One goal of a distributed ledger like Sawtooth, indeed the defining goal, is to distribute a ledger among participating nodes. The ability to ensure a consistent copy of data amongst nodes in Byzantine consensus is one of the core strengths of blockchain technology.
Sawtooth represents state for all transaction families in a single instance of a Radix Merkle Tree on each validator. The process of block validation on each validator ensures that the same transactions result in the same state transitions and that the resulting data is the same for all participants in the network.
The state is split into namespaces which allow flexibility for transaction family authors to define, share, and reuse global state data between transaction processors.
Radix Merkle Tree Overview¶
Sawtooth uses an addressable Radix Merkle tree to store data for transaction families. Let’s break that down: The tree is a Merkle tree because it is a copy-on-write data structure which stores successive node hashes from leaf-to-root upon any changes to the tree. For a given set of state transitions associated with a block, we can generate a single root hash which points to that version of the tree. By placing this state root hash on the block header, we can gain consensus on the expected version of state in addition to the consensus on the chain of blocks. If a validator’s state transitions for a block result in a different hash, the block is not considered valid. For more information about general concepts, see the Merkle page on Wikipedia.
The tree is an addressable Radix tree because addresses uniquely identify the paths to leaf nodes in the tree where information is stored. An address is a hex-encoded 70 character string representing 35 bytes. In the tree implementation, each byte is a Radix path segment which identifies the next node in the path to the leaf containing the data associated with the address. The address format contains a 3 byte (6 hex character) namespace prefix which provides 224 (16,777,216) possible different namespaces in a given instance of Sawtooth. The remaining 32 bytes (64 hex characters) are encoded based on the specifications of the designer of the namespace, and may include schemes for subdividing further, distinguishing object types, and mapping domain-specific unique identifiers into portions of the address. For more information about general concepts, see the Radix page on Wikipedia.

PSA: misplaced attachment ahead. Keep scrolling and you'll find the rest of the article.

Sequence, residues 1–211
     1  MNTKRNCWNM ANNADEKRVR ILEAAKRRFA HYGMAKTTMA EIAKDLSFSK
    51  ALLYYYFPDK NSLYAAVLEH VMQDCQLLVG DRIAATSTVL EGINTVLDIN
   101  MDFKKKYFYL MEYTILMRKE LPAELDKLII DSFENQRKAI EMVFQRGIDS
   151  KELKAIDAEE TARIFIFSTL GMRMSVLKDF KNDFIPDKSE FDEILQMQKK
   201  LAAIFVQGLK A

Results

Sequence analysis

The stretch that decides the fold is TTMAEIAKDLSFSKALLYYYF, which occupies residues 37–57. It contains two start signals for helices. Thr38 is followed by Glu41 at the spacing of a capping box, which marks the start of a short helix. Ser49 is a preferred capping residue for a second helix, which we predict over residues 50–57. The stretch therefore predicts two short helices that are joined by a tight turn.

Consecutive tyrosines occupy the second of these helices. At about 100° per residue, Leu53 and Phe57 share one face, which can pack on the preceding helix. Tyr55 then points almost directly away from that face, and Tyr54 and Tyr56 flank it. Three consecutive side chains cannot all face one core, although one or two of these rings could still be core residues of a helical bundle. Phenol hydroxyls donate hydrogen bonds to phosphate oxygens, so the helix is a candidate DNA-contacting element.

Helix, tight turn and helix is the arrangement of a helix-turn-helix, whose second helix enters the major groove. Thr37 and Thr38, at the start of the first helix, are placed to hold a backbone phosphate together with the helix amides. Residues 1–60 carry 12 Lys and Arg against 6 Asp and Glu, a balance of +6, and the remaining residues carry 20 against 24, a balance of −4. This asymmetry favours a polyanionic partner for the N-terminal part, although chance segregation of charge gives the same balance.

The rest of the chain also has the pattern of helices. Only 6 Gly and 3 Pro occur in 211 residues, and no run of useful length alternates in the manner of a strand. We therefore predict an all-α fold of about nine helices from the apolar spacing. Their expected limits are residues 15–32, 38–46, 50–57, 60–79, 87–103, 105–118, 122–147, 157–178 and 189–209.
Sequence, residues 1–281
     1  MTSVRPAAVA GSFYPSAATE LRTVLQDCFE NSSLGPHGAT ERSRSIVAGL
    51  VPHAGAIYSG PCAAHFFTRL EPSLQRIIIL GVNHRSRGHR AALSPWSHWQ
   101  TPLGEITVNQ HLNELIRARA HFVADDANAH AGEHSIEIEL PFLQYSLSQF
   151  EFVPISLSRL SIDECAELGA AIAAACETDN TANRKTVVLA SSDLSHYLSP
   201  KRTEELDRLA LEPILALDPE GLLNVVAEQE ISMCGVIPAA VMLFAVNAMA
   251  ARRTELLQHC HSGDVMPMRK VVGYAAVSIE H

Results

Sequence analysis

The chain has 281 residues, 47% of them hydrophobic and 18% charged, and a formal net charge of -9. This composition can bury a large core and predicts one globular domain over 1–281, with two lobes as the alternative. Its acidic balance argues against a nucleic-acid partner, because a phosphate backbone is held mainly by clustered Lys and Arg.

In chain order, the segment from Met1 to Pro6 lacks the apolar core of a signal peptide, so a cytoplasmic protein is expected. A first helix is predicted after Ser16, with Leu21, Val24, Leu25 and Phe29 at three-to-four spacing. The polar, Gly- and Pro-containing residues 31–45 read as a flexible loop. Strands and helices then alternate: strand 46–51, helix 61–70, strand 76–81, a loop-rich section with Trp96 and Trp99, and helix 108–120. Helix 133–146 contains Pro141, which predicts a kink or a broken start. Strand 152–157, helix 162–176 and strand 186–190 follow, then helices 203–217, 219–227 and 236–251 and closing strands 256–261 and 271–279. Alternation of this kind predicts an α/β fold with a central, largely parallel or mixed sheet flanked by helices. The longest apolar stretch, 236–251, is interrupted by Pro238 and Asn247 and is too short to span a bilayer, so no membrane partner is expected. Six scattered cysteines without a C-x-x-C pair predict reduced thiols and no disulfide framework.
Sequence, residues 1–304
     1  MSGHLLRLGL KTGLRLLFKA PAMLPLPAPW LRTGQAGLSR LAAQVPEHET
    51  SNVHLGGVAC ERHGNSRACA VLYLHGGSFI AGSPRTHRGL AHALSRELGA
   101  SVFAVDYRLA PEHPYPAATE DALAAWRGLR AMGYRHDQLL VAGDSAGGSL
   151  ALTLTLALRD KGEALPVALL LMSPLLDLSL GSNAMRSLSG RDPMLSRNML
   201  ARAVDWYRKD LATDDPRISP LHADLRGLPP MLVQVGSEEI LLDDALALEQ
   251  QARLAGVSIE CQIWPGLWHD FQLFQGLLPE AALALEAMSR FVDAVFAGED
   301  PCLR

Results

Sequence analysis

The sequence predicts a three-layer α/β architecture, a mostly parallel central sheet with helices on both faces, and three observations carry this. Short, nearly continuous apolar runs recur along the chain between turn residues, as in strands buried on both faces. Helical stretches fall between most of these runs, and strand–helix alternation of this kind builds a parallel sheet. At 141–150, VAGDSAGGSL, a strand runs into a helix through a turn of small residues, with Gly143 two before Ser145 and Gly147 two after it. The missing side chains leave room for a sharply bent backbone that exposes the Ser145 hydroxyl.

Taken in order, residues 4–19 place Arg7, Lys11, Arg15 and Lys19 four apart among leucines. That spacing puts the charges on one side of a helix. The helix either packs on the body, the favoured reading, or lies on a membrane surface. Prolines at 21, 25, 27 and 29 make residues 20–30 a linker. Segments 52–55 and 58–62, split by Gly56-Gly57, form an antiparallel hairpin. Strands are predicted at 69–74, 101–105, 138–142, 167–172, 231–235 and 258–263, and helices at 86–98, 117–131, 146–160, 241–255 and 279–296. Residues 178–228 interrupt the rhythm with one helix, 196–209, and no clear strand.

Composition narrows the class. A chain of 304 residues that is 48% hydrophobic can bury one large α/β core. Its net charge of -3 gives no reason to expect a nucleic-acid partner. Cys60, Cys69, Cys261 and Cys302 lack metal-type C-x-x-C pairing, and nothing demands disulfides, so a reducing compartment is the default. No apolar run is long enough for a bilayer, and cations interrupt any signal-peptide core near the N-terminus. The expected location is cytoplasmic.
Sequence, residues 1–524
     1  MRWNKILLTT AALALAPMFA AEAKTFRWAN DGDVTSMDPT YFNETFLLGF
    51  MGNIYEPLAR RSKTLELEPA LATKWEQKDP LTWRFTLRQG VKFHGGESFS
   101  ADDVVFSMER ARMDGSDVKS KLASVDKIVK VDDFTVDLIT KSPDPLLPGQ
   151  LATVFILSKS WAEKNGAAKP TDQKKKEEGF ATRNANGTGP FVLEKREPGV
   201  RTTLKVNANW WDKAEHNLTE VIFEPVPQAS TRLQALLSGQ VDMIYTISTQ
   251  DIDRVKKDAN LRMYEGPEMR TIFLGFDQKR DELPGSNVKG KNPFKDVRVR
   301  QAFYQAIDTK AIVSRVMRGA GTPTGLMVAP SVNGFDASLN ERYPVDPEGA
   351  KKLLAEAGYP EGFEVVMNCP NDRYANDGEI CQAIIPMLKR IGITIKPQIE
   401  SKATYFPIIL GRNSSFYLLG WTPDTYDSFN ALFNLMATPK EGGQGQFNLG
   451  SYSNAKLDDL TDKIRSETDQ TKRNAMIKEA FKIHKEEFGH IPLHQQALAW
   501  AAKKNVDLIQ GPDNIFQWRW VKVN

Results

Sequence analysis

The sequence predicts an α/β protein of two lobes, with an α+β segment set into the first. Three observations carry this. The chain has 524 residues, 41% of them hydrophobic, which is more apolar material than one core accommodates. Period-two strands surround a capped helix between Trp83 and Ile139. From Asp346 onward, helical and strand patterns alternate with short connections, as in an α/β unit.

In addition to questions regarding the encoding of addresses, namespace designers also need to define the mechanism of serialization and the rules for serializing/deserializing the data stored at addresses. The domain-specific Transaction Processor makes get(address) and set(address, data) calls against a version of state that the validator provides. get(address) returns the byte array found at that address and set(address, data) sets the byte array stored at that address. The byte array is opaque to the core system. It only has meaning when deserialized by a domain-specific component based on the rules of the namespace. It is critical to select a serialization scheme which is deterministic across executions of the transaction, across platforms, and across versions of the serialization framework. Data structures which don’t enforce ordered serialization (e.g. sets, maps, dicts) should be avoided. The requirement is to consistently produce the same byte array across space and time. If the same byte array is not produced, the leaf node hash containing the data will differ, as will every parent node back to the root. This will result in transactions and the blocks that contain them being considered valid on some validators and invalid on others, depending on the non-deterministic behavior. This is considered bad form.